This story is part of The Last Mile, a Modern Retail editorial series looking into the strategic changes brands and retailers are making to their logistics and fulfillment programs to be fully prepared for the holiday season. More from the series →
This holiday season, the battle is on among delivery platforms like Uber, DoorDash, Instacart and Shipt to win over retailers.
These delivery offerings are not new, but Uber, DoorDash and Instacart have in recent years started to work with more than just restaurants on delivery. Many of them now offer both white-label delivery services to retailers, in addition to offering delivery of non-food items on their respective apps. These efforts particularly accelerated during the pandemic. DoorDash, for example, started offering last mile delivery to retailers on their own dot coms starting with Macy’s in June 2020. Then, it expanded to include delivery of other non-food items on the DoorDash app in 2021 with retailers like PetSmart.
These platforms are pitching themselves to retailers as a way to reach new customers who can’t make it to the store every day. They are also trying to woo retailers by making retail products more prominent on their respective apps, and making it easier for retailers to link their product catalogs to their respective services. The challenge ahead for these last-mile delivery platforms is in convincing retailers their app will provide a valuable sales boost, even if they are already active on three or four other platforms. Thus, for many of them, their sales pitch relies around ease of integration.
This week, for example, Uber announced a new integration with Oracle allowing retailers to directly link with Uber Direct within Oracle’s retail platform, Uber Direct. Uber Direct is a white-label delivery service, that is geared toward retailers that want to invest in fulfilling orders using their own website and their own apps. In addition, Uber now counts more than 100,000 global retailers for its Uber Eats delivery services. Notable U.S. retail partners on Uber Eats include PetSmart, The Body Shop and Le Labo.
Therese Lim, senior director of product management at Uber, said the Oracle integration is “another way we’re making this super accessible and super easy for all sorts of retailers to sign up for our last mile service.” To cater to higher order demand this year, Uber is also adding more drivers to its supply marketplace Uber Direct, as well as with its pick-and-pack service, though Lim declined to say how many.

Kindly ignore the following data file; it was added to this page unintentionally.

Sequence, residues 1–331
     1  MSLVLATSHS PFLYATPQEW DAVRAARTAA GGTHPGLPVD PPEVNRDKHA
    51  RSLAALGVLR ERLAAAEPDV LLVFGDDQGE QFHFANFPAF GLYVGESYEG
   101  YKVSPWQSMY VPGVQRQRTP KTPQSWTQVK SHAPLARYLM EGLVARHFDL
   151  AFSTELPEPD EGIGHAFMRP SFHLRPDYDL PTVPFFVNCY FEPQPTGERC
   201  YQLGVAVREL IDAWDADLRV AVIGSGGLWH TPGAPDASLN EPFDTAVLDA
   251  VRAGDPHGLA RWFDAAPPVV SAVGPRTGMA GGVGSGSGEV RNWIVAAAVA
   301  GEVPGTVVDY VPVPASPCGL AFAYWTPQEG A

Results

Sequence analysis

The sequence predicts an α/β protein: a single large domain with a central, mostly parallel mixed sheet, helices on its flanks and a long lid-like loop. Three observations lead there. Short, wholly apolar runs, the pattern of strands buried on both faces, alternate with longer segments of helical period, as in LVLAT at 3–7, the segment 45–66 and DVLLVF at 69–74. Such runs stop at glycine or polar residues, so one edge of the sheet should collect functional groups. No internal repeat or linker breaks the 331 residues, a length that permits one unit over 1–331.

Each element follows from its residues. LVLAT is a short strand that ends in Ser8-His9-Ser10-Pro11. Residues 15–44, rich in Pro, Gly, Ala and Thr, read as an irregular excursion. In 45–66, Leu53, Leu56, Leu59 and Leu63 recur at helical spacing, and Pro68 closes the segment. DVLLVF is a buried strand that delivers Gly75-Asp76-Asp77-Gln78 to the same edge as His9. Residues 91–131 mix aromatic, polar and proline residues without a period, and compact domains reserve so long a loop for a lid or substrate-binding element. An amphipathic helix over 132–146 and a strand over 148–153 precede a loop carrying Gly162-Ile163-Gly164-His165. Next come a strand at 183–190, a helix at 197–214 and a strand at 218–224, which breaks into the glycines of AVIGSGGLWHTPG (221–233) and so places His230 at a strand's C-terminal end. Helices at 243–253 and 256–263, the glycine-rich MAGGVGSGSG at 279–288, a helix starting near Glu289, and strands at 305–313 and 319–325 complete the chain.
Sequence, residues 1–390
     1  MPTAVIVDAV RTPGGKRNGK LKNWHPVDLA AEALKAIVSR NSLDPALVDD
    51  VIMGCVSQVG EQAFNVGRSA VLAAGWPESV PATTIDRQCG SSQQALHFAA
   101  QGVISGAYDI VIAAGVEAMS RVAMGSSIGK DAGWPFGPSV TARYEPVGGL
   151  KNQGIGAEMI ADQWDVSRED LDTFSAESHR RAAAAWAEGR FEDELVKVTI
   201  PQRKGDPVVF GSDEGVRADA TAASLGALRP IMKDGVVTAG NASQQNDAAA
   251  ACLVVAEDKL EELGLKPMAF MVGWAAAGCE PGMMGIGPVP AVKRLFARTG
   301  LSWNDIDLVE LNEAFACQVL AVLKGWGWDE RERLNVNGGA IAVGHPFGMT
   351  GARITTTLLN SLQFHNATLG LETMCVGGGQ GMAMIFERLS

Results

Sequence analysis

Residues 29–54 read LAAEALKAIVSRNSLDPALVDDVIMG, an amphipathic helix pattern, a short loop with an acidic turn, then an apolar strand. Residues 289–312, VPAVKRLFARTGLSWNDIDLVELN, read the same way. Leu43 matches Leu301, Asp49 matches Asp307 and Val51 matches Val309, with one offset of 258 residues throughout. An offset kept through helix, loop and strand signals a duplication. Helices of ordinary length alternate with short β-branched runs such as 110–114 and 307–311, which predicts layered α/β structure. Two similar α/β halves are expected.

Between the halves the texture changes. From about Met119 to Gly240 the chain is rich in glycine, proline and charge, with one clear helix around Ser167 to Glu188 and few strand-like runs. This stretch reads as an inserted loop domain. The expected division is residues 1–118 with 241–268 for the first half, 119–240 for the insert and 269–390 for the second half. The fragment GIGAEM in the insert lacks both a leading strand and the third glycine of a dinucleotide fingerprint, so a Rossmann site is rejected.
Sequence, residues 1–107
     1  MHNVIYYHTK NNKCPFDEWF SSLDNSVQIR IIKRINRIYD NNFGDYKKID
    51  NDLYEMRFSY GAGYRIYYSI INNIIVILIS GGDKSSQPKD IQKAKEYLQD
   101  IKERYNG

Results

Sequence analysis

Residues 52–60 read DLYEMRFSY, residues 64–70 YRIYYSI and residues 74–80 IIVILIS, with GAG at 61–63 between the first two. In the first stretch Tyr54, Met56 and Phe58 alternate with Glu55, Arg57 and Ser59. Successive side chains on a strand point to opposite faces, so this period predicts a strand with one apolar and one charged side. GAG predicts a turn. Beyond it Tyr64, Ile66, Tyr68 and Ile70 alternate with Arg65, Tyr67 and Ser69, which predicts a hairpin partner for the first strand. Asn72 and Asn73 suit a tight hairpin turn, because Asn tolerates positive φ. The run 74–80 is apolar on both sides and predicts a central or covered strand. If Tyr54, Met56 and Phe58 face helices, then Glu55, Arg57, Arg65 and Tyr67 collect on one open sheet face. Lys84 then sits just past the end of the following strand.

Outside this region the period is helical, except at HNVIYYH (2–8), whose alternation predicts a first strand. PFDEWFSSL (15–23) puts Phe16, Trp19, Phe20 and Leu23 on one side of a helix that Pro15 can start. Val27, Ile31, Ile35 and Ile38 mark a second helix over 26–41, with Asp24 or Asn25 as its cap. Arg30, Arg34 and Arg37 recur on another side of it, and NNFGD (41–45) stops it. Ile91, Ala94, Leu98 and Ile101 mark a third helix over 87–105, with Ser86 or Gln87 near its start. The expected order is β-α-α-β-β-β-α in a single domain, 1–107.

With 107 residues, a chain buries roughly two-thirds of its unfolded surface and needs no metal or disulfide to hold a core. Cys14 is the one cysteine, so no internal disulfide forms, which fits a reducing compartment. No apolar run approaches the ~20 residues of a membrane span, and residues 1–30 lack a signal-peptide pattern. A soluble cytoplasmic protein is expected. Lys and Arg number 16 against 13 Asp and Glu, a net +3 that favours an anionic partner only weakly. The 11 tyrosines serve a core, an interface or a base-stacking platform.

But for retailers, ease of integration isn’t enough — they also need to be convinced that being active on DoorDash or Uber Eats also drives significant sales volume.
Shanna Preve, vice president of strategic partnerships and business development at DoorDash said in an interview with Modern Retail that what the platform is able to do is “help retailers optimize their omnichannel experience to drive incremental sales. These are sales they wouldn’t otherwise get if they weren’t partnered with DoorDash.” Many retailers, Preve said, are “looking for a new growth engine, oftentimes, and we have 32 million monthly unique [users].”
She added that DoorDash tries to make it “an easy lift” for retailers to integrate with its delivery services, by allowing retailers to send product catalogs in “whatever format they have and we will index it, we will do the work.”
As it adds more retailers to its delivery service, Preve said that DoorDash is focused on promoting retailers more prominently on its app. The company has redesigned its app to include a new retail tab that’s accessible in one tap from the homepage. Preve said it’s the one-stop shop for everything from household and office supplies, to pet toys, beauty staples. Similarly, Uber’s Lim said it plans to feature more holiday collections inside the Uber app this year, to get more people to think of theservice as a place to buy holiday decor and gifts.
The challenge for all of these delivery platforms is in convincing retailers to use their particular last-mile service over others. Or, that they should be active on multiple delivery platforms. Cherise Ordlock, senior vice president for digital at PetSmart, said this is the first holiday season where the pet care retailer will be active on four different delivery services: DoorDash, Shipt, Instacart and Uber Eats. “That is a big thing for us this year, to really be on all four as part of the holiday season,” she said.
Ordlock said PetSmart is expecting marketplaces to drive around 15% to 20% of its total digital sales for the fourth quarter. PetSmart first started using DoorDash for deliveries in 2021, as well as to power same-day deliveries on its website. In turn, Ordlock mentioned that PetSmart did see an “uptick in marketplace sales right around the holidays.” PetSmart then announced a new delivery partnership with Shipt in December 2022, and the company added both Instacart and Uber Eats this year.
Ordlock added that PetSmart felt it was important for the brand to be on all four marketplaces, because different customers have loyalty to different marketplaces. That’s what these delivery services argue — that being active on these apps can help retailers tap into a new, loyal customer base.
“It’s super important that these retailers maximize their reach,” DoorDash’s Preve said. “Not everybody can get to the store every day, and that’s where our service comes in. Shoppers are looking for ways to actually find more time in their day, and that’s what DoorDash delivers.”